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Three Models of Future Stock Market Moves

The commentary below is for the benefit of our readers from opinion makers and writers not associated with Euro Pacific. We do not guarantee the accuracy and completeness of third-party authored content. Opinions expressed are those of the writer, and may or may not reflect those held by Euro Pacific, or its CEO, Peter Schiff.
Charles Hugh Smith
October 22, 2009
If we distill down various historical patterns, we end up with three likely models of future stock market gyrations.

No model predicts reality precisely, but since human psychology runs in certain patterns, we can make reasonably educated probabilities that future stock market moves will track one of three basic models.

History suggests the basic patterns of stock market activity going forward:

  1. A return to a Bull Market
  2. A Bear Market rally which leads to a decade or more of sideways action
  3. A Bear Market rally which runs out of steam, leading to new lows

I've traced these likely options out on this chart:

Longtime readers know that I consider the Bull Market the least likely for the following reasons:

  1. Bull markets don't run forever and the likelihood that a 26-year Bull Market (1982-2007) has resumed after a mere 18-month pause is low.
  2. The foundation of middle class wealth--housing--is mortally wounded. Just because a fellow with 23 arrows sticking out of his back staggers to his feet is not evidence that he is now well.
  3. Credit markets are mortally wounded. Lending is down, banks are structurally insolvent, consumers are desperately deleveraging, etc.
  4. The foundation of the U.S. economy, the 70% of GDP private consumption, is mortally wounded. The consumers' asset bases are destroyed (housing and retirement accounts), costs are rising (healthcare and taxes, for those who still have income), the job base of the U.S. is in structural decline and the credit which enabled limitless consumer spending is impaired/crippled.

All of these are structural in nature and not reversable in a few months of "pump priming," regardless of the effort made to prime the pump of future consumer spending.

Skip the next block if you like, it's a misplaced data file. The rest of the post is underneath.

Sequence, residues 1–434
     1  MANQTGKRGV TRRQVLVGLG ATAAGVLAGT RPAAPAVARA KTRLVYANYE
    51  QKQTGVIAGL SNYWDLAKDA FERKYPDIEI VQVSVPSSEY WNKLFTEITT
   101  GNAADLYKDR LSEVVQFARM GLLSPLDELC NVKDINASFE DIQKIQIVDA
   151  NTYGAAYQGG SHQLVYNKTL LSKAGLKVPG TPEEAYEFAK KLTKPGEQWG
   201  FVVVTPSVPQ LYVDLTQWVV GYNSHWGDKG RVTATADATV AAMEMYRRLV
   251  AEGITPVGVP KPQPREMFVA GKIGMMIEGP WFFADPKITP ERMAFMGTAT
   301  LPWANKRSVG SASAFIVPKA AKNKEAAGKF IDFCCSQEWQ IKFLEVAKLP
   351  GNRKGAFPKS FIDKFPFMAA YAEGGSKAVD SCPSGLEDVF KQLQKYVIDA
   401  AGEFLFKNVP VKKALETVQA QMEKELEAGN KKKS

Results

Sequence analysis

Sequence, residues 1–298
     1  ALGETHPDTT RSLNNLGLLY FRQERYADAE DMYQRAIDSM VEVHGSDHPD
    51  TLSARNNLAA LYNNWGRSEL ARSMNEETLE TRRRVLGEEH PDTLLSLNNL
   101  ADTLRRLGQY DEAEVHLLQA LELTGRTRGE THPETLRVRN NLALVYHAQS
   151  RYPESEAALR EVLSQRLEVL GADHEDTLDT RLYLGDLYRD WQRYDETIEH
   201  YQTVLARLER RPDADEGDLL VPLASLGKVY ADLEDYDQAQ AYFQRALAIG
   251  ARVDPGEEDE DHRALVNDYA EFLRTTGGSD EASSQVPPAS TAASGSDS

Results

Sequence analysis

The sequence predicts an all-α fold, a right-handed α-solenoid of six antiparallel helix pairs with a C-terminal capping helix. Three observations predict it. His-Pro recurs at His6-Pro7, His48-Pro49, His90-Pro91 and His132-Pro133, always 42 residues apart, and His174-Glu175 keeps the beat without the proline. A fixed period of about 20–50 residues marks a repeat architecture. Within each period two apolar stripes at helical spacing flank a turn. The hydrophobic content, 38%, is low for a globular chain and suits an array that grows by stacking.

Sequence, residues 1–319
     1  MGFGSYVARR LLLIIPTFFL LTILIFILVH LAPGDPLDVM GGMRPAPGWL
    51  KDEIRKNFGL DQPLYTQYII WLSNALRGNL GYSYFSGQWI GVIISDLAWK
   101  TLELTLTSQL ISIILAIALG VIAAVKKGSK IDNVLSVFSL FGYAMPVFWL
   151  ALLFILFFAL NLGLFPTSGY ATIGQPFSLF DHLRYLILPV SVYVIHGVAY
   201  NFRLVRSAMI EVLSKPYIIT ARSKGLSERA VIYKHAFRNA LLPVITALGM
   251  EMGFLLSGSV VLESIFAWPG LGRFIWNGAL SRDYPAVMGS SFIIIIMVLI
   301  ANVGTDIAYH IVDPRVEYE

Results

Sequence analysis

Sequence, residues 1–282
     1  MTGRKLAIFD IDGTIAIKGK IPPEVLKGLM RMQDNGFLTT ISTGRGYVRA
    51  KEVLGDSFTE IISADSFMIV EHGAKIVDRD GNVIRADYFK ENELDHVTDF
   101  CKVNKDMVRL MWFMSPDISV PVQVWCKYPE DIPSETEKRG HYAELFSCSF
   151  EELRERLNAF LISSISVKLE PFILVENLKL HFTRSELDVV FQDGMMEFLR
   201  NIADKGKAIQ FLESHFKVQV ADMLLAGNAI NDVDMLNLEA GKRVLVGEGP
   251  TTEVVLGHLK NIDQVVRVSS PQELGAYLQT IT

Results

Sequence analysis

Nonetheless, we have to be alert to the possibility that an implosion of the U.S. dollar or inflation could drive the stock market to new highs even as the nation lost purchasing power. Many are now expecting the dollar to essentially collapse. If that were to transpire, the purchasing power of Americans would decline proportionately and the cost of oil and credit from abroad would rise commensurately.

Even as Americans were impoverished by this collapse in their currency, the stock market might respond with euphoric vigor.

Though I reckon hyperinflation unlikely from what I see right now, many do consider it likely (or inevitable), and such a bout of hyperinflation could easily drive stocks to new highs even as the nation was impoverished by rising commodity prices and plummeting purchasing power.

Since I don't rate any of these scenarios likely--a new "real" Bull Market based on skyrocketing real revenues and profits (i.e. not just based on a falling dollar), the implosion of the U.S. dollar or hyperinflation--I consider a raging Bull Market (nominal or real) to be the least likely scenario.

Since markets often re-test lows (double-bottom), I consider that scenario very likely. Many observers are claiming the March 2009 lows are the one and final bottom from the October 2007 highs.

Perhaps, but even as recently as the 2002-03 period, the market surge (euphoria) off the supposedly "final bottom" ended up retracing to that same level (more or less) before starting a sustained move up.

But 2009 is not 2002 or 1992 or 1982 or even 1975. The financial underpinnings of the entire U.S. economy are coming apart, and a few months (or years) of quantititive easing and manipulation cannot restore the shattered foundation.

When this reality hits, then the "crash to a new low" scenario becomes likely.

But we also have to be open to the possibility that essentially endless quantitative easing and Federal stimulus spending (deficit spending) could prop up the market, which would lead to the "blue" scenario in the chart--a decade or two of sideways action.

In this scenario, periodic rallies are sharp and so are the resultant declines. Japan's market in the 1990s and the U.S. market 1966-1981 offer historic maps for this sort of "going nowhere" markets.

If the Fed manages to sustain a whiff of inflation, say, 2% a year, then a stock market which goes nowhere for 10 years ends up losing 20+% in purchasing power even if the nominal price ends up unchanged.

Is "this time different"? Perhaps. The government and media propaganda has successfully masked the structural realities for the past seven months, but reality has a nasty way of intruding on fantasies at the most inopportune times. This "recovery" of "green shoots" is nothing but government-funded fantasy.

Charles Hugh Smith writes the Of Two Minds blog and is the author of several books, most recently "Survival+: Structuring Prosperity for Yourself and the Nation." To visit his blog, click here.